Twice in one day the brain and its capacities are in the media. Both discussions are engaging and provactive. One is controversial.
First up, a story from NPR. Author Virginia Woolf eloquently described the constant stream of consciousness that eventually becomes cohesive thought from which we draw conclusions and take action. From the on-air story:
Woolf thought, and thought hard, about how a mind processes all that it sees, hears, feels, tastes, remembers. "The mind receives a myriad of impressions," Woolf wrote. "From all sides they come, an incessant shower of innumerable atoms," and she wanted to describe that process.
And so, Woolf created minds in action. Clarissa Dalloway in her novel Mrs. Dalloway, and Mrs. Ramsay from To the Lighthouse are portrayed from the inside out. They are all mind — jumbles of thoughts, memories, faces, objects, peeves, joys — all disconnected and incoherent. And yet, out of all that blabber there emerge very distinctly, real personalities. How did that happen? "If the mind is so evanescent," Lehrer writes, "how does the self arise?"
It's a fascinating interview and story. The text is on the NPR site, but it is well worth the five minutes it takes to actually listen. For anyone who has experienced racing thoughts, the story is absolutely enlightening. One of the most interesting facts to emerge from the research is that there is no command center for the brain. The work is done in separate but connected areas where it figures how to work with all of the other departments. Sounds like a good management strategy to me, unless the hippocampus wins and puts the temporal lobe in a key position, and then we're all going to be taking medication and pondering the meaning of life or how to just end it.
The second media blast of the day was Larry King talking to people who think we can just choose happiness and there it will be. Uhhhh, yeah. The metaphysics guy (from "What the Bleep do we Know?") wasn't so strict about considering other possibilities, but the other people, including a pharmacologist, would not be swayed from their if-you-can-dream-it-you-can-become-it view.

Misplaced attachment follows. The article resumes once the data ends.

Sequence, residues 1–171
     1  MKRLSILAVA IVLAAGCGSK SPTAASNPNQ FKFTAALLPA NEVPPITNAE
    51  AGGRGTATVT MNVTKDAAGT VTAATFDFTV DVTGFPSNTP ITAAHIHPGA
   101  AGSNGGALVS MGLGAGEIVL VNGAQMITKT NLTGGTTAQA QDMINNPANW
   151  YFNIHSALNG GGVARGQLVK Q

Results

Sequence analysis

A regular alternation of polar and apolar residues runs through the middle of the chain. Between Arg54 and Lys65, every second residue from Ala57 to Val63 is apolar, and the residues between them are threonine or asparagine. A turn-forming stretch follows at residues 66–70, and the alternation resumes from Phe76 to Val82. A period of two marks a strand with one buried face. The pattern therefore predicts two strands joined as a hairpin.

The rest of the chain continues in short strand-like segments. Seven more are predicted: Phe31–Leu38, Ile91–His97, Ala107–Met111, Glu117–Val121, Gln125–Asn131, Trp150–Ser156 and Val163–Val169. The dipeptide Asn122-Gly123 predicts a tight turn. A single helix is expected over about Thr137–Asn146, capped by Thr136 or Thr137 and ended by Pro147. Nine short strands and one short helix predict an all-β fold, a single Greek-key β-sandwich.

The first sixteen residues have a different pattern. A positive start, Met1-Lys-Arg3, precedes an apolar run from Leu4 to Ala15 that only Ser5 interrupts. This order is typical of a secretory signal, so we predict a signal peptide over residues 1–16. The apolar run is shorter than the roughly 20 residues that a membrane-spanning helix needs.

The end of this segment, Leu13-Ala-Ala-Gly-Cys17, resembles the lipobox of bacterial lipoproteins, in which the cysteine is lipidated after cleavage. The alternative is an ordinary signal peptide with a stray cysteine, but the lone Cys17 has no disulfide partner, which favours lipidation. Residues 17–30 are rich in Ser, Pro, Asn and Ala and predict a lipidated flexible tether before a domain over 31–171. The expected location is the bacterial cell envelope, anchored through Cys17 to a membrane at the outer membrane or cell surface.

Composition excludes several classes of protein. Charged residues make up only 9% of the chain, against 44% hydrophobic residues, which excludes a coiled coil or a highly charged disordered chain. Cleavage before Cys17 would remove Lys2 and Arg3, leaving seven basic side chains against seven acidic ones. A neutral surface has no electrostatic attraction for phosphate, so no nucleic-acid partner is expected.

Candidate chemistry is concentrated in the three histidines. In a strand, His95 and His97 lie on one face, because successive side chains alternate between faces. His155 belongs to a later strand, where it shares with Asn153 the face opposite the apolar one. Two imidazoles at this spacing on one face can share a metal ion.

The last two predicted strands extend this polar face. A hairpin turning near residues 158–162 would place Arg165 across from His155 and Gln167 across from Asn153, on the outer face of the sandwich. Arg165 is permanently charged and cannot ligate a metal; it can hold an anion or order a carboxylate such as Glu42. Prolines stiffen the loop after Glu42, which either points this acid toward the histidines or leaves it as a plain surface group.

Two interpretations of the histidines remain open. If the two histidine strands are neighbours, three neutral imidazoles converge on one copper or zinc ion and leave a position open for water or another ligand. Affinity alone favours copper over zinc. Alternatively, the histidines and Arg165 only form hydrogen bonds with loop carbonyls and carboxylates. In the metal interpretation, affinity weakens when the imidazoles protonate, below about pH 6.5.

Still, they say we can change our moods, our thought processes, our emotions and our chronic poor health with a simple decision to be different. I say, Have you met me? I can be perky and positive, for sure, but it hasn't done a thing for my multiple health problems. Anyway, you can link to http://www.candacepert.com/, the website of Candace Pert, pictured here. She has written two books on the subject. Her main philosophy is that people don't need antidepressants; they just need a soul overhaul, better daily affirmations, and a more positive outlook and the brain will respond with health and bliss. She claims that because she is highly credentialed in pharmaceutical science, she is better qualified than any of us to make these claims. Obviously, Candace has never had a serious depression or she would know that all of the happy, happy thoughts one can muster are sometimes not enough to chase those blues away.
I would be more passionate and articulate about this, but I am about to be shut down hard by Ambien.